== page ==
1. GuardianWynn

    GuardianWynn Contributor Contributor

    Nov 12, 2014
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    Arc Fatigue

    Discussion in 'Plot Development' started by GuardianWynn, Jun 9, 2016.

    A friend of mine defined Arc Fatigue as "When the enjoyment of the story is increased or decreased by the pace in which one sees a story."

    Not sure if that is a proper term. I sort of just wonder your guys general thoughts. I find it fascinating, and kind of wonder if anyone thinks this is something we writers who plan to traditionally publish should think about.

    Okay, encase my opening wasn't perfectly clear. Let me give a couple of examples.

    A TV show called Dragonball Z had a very slow rate. Little happened in any one episode. So if you restricted your viewing to once per week, it would feel ridicously slow, and would ruin most of the fun.

    A more personal example is my current work in progress.

    The climax of the story has a group of friends split up. And I switch POV to each of them. Because all their moments are exciting, and they aren't together. I figured the enjoyment of the scene might make up for any little distractions the switching POV caused. Which, has gotten mixed reviews. Some, hate or dislike it. Others love it!

    Mixed reviews made it a lot harder to judge how to go about editing these scenes. I noticed a trend though.

    People that read the material fast(under a week) are the ones that loved it.

    While people reading at a slower rate are the ones that didn't. Hence the title of the thread being Arc Fatique.

    I wonder if from a publisher standpoint that I am dead in the water! I also want general thoughts.

    Tagging Dreamer because we discussed this a bit in a private. So thought she might find it interesting.
  2. FireWater

    FireWater Senior Member

    May 29, 2016
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    I used to have major issues with starting and and abandoning novel projects, not because of writer's block or commitment, but because of writing myself into a brick wall due to issues with pacing and structure.

    No matter how unique a story might be in terms of plot and ideas, there's a pacing structure that they all typically have in common. Getting the hang of this was what helped me make my novels work, to the point where I'm halfway through my WIP instead of realizing by page 40 that it's too messed up to go forward.

    Here is this basic structure:

    20% is the first "Plot Point," not to be mistaken for the hook or dynamic introduction (because they story should be interesting and hooking right from the get-go). The 20% is the point where Things Change Forever, i.e. Harry going off to Hogwarts, the LOTR company forming and setting off for Mordor, etc. This point could be either a physical journey, a discovery (like Neo learning the truth about what the Matrix is), or a personal shift where their current reality is shattered, but either way it marks a "point of no return."

    At the 30% to 35% mark, there's always some type of confrontation with the antagonist or a reminder of what's at stake -- some kind of unsettling moment where there's conflict and a sense of what could happen if the MC fails. Typically this has both an external element (outside conflict) and an element of the MC's own infallibility or weakness.

    50% is the point where the MC forms an empowered plan against the antagonist, or is on the offensive rather than the defensive. I.e. they're going forward as the leader of their agenda now, instead of simply being forced to deal with what's happening around them.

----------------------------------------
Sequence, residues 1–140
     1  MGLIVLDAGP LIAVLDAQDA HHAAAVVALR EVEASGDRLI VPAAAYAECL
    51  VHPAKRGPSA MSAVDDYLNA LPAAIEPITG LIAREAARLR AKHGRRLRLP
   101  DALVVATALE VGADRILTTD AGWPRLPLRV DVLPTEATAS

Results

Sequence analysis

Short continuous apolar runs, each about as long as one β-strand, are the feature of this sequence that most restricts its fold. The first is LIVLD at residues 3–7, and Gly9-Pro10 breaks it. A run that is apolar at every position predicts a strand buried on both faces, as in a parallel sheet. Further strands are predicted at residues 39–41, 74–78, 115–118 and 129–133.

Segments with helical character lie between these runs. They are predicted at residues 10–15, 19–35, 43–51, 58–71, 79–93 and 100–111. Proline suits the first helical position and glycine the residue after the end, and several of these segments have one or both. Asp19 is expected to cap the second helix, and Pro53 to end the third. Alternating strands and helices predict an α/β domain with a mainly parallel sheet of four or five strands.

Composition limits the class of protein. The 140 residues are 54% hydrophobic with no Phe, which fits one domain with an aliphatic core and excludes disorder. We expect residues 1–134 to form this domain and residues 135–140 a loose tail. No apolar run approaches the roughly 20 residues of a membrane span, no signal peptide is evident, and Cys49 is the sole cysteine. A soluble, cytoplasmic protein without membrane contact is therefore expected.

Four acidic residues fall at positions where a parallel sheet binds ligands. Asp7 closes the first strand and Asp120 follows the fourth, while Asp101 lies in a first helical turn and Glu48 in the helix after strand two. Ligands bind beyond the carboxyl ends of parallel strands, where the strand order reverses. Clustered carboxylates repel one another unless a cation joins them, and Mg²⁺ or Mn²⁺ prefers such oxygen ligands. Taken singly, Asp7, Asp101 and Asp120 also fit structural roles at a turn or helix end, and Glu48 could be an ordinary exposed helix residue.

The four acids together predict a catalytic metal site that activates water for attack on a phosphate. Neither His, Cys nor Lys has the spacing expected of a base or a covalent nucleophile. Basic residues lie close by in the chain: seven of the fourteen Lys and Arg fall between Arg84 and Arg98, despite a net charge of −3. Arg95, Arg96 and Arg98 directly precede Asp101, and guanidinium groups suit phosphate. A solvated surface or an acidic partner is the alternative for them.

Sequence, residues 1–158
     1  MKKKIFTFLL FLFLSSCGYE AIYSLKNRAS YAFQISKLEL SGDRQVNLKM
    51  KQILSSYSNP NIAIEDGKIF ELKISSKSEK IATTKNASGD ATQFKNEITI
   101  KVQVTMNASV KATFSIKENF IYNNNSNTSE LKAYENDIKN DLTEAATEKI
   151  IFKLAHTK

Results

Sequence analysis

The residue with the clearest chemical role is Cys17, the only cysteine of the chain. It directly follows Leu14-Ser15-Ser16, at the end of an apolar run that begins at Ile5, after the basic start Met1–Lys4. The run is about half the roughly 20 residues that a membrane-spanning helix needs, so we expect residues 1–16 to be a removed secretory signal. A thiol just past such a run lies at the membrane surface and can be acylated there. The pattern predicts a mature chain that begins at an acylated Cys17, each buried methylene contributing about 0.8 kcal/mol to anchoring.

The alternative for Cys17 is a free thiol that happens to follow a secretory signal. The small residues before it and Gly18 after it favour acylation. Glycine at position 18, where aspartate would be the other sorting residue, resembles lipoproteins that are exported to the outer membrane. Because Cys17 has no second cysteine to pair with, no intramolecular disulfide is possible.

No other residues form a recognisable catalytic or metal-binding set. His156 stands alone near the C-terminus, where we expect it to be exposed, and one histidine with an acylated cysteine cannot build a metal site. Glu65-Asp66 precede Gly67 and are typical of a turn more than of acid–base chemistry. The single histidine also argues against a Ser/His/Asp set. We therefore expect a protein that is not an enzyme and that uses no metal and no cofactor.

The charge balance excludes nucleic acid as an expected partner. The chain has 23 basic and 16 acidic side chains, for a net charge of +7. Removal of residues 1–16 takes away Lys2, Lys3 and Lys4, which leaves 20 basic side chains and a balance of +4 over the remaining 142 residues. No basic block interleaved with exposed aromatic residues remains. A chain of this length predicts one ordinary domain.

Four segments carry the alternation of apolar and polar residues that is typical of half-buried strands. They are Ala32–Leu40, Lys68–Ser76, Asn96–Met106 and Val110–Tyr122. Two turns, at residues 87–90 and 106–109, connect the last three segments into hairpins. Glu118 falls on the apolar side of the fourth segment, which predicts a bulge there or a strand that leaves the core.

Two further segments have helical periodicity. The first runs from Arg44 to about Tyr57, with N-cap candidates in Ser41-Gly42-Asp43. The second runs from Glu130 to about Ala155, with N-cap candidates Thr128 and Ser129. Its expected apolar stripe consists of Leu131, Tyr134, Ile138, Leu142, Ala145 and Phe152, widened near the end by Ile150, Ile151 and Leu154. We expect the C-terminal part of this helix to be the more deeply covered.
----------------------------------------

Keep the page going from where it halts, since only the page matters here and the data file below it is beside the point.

60-66% is the "Pinch point 2," kind of like the one in the first 1/3 mark, but more serious, with something even larger at stake.

    75%-80% is where they have all the information they need, and the MC is heading into the climax scene. Everything from here is a sequence to the final climax and then resolution.

    There's tons of sources explaining this, but the one that made it "Click" for me is a site called Story Fix, by Larry Brooks. I highly recommend studying that site. It saved me.
  3. Elven Candy

    Elven Candy Pay no attention to the foot in my mouth Contributor

    Jan 25, 2016
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    There's another possibility with your story: the readers who loved it read it quickly because they loved it. If I'm really enjoying a book, I don't like to put it down. If a book is "meh" to "okay," I put it down whenever something slightly more interesting pops up (unless I just want to get it over with/see how it ends). The issue might not be arc fatigue, it might be interest. Or is it just the POV switching that people love or hate? If that's the case . . .

    I, personally, hate it when an author switches POV halfway through a book. I read a book that a third of the way through switched POV for a chapter, and again for a couple chapters later, and again for quite a number of chapters. I loved the book, but whenever they switched from my favorite character's POV (main character), I had to put the book down for a while to calm my frustration. The issue was the author only started doing that far into the book, so I was fully engrossed in the MC before being jerked around between a couple other points of view. He was the one I was rooting for--I didn't care or want to read other points of view. The only reason I enjoyed the female character's point of view was because it was mostly about her opinions and interactions with him, so in a way he was still the POV character.

    I've also read a few books where the POV shifted often between characters, and it actually added to the book. The difference was these authors introduced this shifting of POV early on, so I was already prepared for it.

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